Billions of bacteria live in our intestines, supplying us with essential vitamins and helping us digest food. Recent research suggests that in some animals, and perhaps in humans as well, such bacterial guests may play an even more fundamental role: they may influence the normal development of some internal organs.
Margaret McFall-Ngai, a developmental biologist at the University of Hawaii, studies the partnership between a squid and the luminous bacteria that live inside its light-emitting organ. Unlike our intestines, which have hundreds of species of resident bacteria, the squid’s organ shelters only one type of microbe. By examining this relatively simple symbiosis, McFall-Ngai hopes to gain insight into more complicated interactions.
The symbiosis in question consists of the one-and-a-half-inch- long Hawaiian bobtail squid, Euprymna scolopes, and the bacteria Vibrio fischeri. By day the squid lives buried in sand; at night it emerges to forage. Millions of the light-producing bacteria nestle inside the squid, and because the light these bacteria emit matches the wavelength of moonlight and starlight, it disguises the squid from nocturnal predators hunting beneath them. In return, the squid supplies the bacteria with nutrients.
When the squid hatch, they lack the bacteria but soon acquire them from seawater. The squid have two appendages covered with cilia that waft the bacteria through pores into the squid’s light organ, where they multiply rapidly. Just hours after the bacteria enter the squid, cells on the tips and surface of the cilia-covered arms begin to die; within four days the structures have entirely disappeared. Within a few weeks the bacteria induce the formation of a lens and reflector that modifies the emitted light. That the bacteria are responsible for these changes is clear: squid raised in water free of V. fischeri, McFall-Ngai has found, never lose the bacteria-collecting arms, and the light organs don’t fully develop.
Why do the arms die? McFall-Ngai thinks that the bacteria trigger a respiratory burst in the squid cells, creating toxic by-products that trigger cell death in the arms, which are near the bacteria. Strangely, the cells closest to the bacteria appear to be protected from the toxins.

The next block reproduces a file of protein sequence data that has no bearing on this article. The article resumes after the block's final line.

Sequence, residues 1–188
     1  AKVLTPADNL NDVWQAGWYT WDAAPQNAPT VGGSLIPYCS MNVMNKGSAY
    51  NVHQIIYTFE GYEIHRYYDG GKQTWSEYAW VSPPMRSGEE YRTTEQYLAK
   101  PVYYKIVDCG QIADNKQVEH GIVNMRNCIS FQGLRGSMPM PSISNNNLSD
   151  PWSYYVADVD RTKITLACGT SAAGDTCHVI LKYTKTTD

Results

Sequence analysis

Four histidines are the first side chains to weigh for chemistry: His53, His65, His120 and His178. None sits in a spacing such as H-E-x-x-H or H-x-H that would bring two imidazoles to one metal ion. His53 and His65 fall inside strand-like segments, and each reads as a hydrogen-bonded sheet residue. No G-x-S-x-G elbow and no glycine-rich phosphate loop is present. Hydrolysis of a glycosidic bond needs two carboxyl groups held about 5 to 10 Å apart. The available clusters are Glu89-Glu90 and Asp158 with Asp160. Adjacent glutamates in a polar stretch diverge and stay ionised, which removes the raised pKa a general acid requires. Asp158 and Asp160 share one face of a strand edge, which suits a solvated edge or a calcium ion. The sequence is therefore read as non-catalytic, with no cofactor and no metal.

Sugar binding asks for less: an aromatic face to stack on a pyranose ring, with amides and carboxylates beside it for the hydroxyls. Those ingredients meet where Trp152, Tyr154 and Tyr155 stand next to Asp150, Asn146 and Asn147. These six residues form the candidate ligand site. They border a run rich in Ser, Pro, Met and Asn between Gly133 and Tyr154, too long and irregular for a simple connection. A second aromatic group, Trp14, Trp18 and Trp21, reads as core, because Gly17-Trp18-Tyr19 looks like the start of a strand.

McFall-Ngai also found that the squid bathe the bacteria in a toxic enzyme, perhaps to limit their growth. The enzyme, similar to one found in mammalian immune cells, converts hydrogen peroxide and chloride ions into hypochlorous acid, a basic ingredient of bleach. Most bacteria cannot survive this onslaught.
But V. fischeri can. McFall-Ngai thinks it may produce a protective protein that is very similar to one produced by a close relative. That relative is Vibrio cholerae, the infectious agent of cholera. The protein V. cholerae produces inhibits the respiratory burst with which its host attempts to kill it.
These findings suggest a new way to view the evolution of infectious disease. In the conventional view, harmless relationships between bacteria and their hosts probably evolved as the host learned to live with a microbe that initially caused disease. McFall-Ngai thinks evolution may lead to more complex relationships, with periods of cooperation giving way to an antagonistic relationship in which bacterial guests again become agents of disease. The squid and their bacteria may be an example of a temporary evolutionary détente. Cholera, on the other hand, may exemplify the collapse of an uneasy truce: a once peaceful relationship has reverted to a death struggle.
Even more interesting for McFall-Ngai is the question of the role symbiotic bacteria might play in human development. Given the enormous toll in suffering that bacteria have exacted from us, researchers have naturally tended to focus on bacteria as harmful creatures. Researchers like McFall- Ngai are now looking at the beneficial role these microbes play. We haven’t integrated into our thinking that bacteria are essential, she says, and we need to understand how they are involved in maintaining a healthy human body.